They placed orders on the lowest bidder. The names of places, products and people are disguised. It had desired to expand its supply to the market by subcontracting orders to other manufacturers. The prime problem in operations was absenteeism as the workers used to abstain from work without notice. The temperature needed for baking varied from stage-to-stage as the quality of biscuits depended on the care with which the temperature was maintained at different phases of baking.
He started his own business with the dealership of candies produced by others. The demand for buscuits was growing at more than 15 per cent per annum. APL had stressed in its advertisements that its biscuits contained milk solids. It had promised the sub-contractors that it would compensate them adequately in terms of volume of business and conversion charges. These practices had enabled the company to minimize wastage and improve responsiveness to customer’s orders. The proposal had both advantages and disadvantages.
However, it wanted to retain full control over the quality and production processes of biscuits produced for them. In the new syudy environment, KCPL got stuck in the middle. The allocation of responsibilities among the family members was clear. The other questions were: They had to decide soon as they were not sure whether other biscuit manufacturers were also interested in the opportunity and would out beat KCPL in approaching APL. The quality of materials received was checked in a laboratory for impurities and existence of metal particles.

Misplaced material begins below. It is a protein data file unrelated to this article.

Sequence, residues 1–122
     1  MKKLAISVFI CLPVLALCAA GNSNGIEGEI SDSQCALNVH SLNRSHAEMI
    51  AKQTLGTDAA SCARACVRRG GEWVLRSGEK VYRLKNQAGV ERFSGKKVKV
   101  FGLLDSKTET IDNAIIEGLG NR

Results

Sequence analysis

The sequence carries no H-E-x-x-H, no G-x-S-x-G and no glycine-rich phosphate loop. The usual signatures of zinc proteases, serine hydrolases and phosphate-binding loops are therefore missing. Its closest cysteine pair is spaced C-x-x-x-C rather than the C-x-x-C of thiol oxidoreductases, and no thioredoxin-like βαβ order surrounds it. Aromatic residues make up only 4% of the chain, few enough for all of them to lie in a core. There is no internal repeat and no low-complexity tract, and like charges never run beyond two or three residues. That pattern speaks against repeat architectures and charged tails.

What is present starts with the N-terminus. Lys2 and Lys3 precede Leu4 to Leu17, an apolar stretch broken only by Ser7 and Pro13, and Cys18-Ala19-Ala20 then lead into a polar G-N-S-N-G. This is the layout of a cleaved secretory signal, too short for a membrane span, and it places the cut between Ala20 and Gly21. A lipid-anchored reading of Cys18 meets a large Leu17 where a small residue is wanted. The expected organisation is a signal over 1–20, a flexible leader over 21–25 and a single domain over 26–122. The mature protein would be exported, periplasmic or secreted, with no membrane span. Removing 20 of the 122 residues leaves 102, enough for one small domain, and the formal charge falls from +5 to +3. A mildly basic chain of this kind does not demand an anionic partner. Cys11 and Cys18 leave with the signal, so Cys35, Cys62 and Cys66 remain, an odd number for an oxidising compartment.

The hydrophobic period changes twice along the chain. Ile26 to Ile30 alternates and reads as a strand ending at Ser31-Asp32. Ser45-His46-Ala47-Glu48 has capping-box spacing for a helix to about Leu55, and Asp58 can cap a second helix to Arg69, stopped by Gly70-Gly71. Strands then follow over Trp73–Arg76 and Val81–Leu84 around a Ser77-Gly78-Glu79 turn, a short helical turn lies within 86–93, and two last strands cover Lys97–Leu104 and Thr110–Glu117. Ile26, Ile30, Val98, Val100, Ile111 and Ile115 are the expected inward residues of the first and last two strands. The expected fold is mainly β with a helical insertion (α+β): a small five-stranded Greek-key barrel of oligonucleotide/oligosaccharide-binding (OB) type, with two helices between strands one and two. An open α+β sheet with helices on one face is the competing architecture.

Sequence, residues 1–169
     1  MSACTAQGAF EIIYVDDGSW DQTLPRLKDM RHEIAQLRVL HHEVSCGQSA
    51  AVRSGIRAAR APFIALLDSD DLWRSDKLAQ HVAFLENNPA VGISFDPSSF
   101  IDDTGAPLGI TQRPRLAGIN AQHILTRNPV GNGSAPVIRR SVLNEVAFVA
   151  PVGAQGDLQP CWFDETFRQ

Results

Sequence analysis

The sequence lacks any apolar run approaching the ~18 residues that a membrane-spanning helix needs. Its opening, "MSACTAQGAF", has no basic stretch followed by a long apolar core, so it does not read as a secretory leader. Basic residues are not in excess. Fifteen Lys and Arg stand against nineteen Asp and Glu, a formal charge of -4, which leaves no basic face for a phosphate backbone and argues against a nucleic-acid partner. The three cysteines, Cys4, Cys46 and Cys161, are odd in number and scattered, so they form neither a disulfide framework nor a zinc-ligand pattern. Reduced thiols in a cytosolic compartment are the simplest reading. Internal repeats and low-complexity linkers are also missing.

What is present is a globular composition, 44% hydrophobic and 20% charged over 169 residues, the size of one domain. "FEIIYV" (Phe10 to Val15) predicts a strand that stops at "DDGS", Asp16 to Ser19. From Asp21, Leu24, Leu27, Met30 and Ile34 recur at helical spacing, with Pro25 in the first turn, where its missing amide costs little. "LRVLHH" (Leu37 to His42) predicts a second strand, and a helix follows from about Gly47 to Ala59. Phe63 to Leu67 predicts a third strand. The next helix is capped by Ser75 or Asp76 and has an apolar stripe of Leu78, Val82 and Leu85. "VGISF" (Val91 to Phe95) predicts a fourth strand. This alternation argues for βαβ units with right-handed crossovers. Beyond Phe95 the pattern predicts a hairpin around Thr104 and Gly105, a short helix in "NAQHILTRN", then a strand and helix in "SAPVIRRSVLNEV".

The company sought the advice of technical consultants on issues relating to capacity expansion, equipment selection, and productivity improvements.
During the same period eight new units were set up in the organized sector in UP to produce biscuits. The sons of Alok, Vivek and Stjdy were studying in school. In there were two large national and six regional manufacturers.
The large institutions preferred the other three brands. Some of them were set up in the backyards of entrepreneurs under unhygienic production conditions.
It offered to reimburse the raw material expenses as per its norms of consumption and pay a conversion charge of Rs. Alok Kumar, the eldest son of Mohan Kumar, joined the business in after completing his graduation in commerce. They do not cover the impact of Pearson contract. Would there be interference? These practices had enabled the company to minimize wastage and improve responsiveness to customer’s orders. KCPL could not compete on costs as its costs were higher than cade of the other manufacturers.
Pearson promised an off take of to tonnes per ocpl and a conversion rate of Rs. It also offered to supply the pre-printed packing material with APL name.
The price of A-One biscuits was two-thirds of ‘Good Health’ biscuits. However, competition increased with the start of 70 units in the unorganized sector between and In fact, the family name was dependent on the success of the biscuit line.
It did not provide any technical guidance. As competition increased the net profit margins came down. He had worked with Pearson before starting his consulting company. KCPL depended on both permanent and casual workers for its operations. It also hoped to learn new tools of quality management.
It had desired to expand its supply to the market by subcontracting orders to other manufacturers. Help Center Find new research papers in: The family members earned a salary. Alok Kumar looked after finance and liaison functions; Vivek looked after human resource management and manufacturing; and Sanjay was responsible for marketing, logistics, and administration. It was a leading player in the Western and Eastern cas.
(PDF) Case Study Kanpur Confectioneries | Kunal Relwani –
Pearson relied on the expertise of KCPL. The overall operations were supervised by Arun Kapoor, Manager Operations. It also decided that it would not set up its own manufacturing facility. They even imitated the packaging style of the leading brands.